Aid! I have no one to talk about

Dear GoodTherapy,

Since my dad died last year, I had no one to talk to. And really, I had no one to talk about for the last three years of his life that had been destroyed as it was from Alzheimer's.

I do not have another family. I have no close friends, no husband or boyfriend and no children. It is only me and my constant companions: the emptiness, loneliness and my 8-year-old Roxie dog. When she goes, my life will be unnecessary. Sometimes I hope he boasts me. If God had told me that this would be my life, I would stay.

I'm not laughing when I say I can go three or four days without saying a word to anyone. I'm writing, but it's just for me (except this letter). Writing is like talking to myself, that's something, I guess. And it prevents me from completely losing the tongue. Sometimes I feel like I'm starting to lose my mind the way my dad did.

So now that you know how sorry my life is, go ahead and tell me that there is "hope" if I do it alone, this and the other thing. I probably will not believe you, but I would not write if I had completely resigned. -The lonely

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Dear solitary,

Your letter inspires my curiosity, not my advice. I'm not going to tell you to do anything because I think you already know what to do – you're not ready. You may be very crazy or very sad. Both, maybe? What I will say is that taking care of your dad for three years took many of you. You are flattered, your energy seemingly exhausted.

The time has come for renewal. I think that you wrote this letter. I do not know what you do to take care of yourself. I do not know what you like to do, what you would like to learn to do or what you want to do differently, but you may know the answers. Knowing what to do can be a lot easier than doing it, of course.

I'm not sure what you mean when you say: "If God had told me that it would be my life, I would stay." In a different home, job, city, state, state of being? There are hints of despair in your words, but there is always hope. Sometimes it helps when someone is away from your condition. Speaking of hope, I hope you work with a therapist for that reason. No good therapist is going to tell you what to do, but they will walk with you through the toughest places until you see your own way forward.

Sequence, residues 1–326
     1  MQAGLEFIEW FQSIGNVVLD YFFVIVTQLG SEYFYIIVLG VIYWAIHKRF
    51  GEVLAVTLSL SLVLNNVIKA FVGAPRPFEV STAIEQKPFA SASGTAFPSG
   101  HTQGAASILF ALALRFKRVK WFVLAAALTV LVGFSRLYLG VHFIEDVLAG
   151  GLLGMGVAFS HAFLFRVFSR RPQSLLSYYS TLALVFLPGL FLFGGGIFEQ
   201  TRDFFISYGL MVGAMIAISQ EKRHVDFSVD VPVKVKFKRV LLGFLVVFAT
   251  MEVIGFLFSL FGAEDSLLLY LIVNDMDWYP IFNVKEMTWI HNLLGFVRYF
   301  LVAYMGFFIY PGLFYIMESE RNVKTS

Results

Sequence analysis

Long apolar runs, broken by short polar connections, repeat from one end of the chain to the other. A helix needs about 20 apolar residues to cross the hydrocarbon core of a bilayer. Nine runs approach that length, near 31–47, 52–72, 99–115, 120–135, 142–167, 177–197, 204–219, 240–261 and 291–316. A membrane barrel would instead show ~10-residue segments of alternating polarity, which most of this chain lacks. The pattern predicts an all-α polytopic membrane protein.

Can you use your compassion and commitment for yourself? If not, why not?

Have you always lived with your father? Have you always had the same way? Take care of your dad, Alzheimer and everyone, for three years. You know a lot about dedication and dedication to others. I wonder where and how you learned. Sometimes someone takes care of you this way? Can you use your compassion and commitment for yourself? If not, why not?

I have a lot of questions. Perhaps too many. Have you ever questioned yourself? You write, so I guess you do it.

You are clearly lonely, but you know how to get to people if you like. You have put yourself in isolation. I wonder what you did to deserve it. Or what do you think you have done.

Is it punishment or choice? You may like to have time only. After all, you do not have to take care of anyone other than yourself and your dog.

Do you think your life is "bitter"? I do not think so. I think you have many sources for yourself. You just have to decide to use what you have.

Take care,

Lynn Somerstein, PhD, NCPsyA, C-IAYT

Lynn Somerstein

Lynn Somerstein, PhD, NCPsyA, C-IAYT is a licensed licensed psychotherapist from Manhattan, with more than 30 years of private practice. She is also a yoga teacher and student of Ayuveda – the Indian science of wellness. Its main interest is to help people find healthy lifestyles, to love and to work on the particular combination that works best for them by linking them to their deeper energy source so that they can express their full range of their skills. Lynn's specialty is the understanding and relief of anxiety and depression.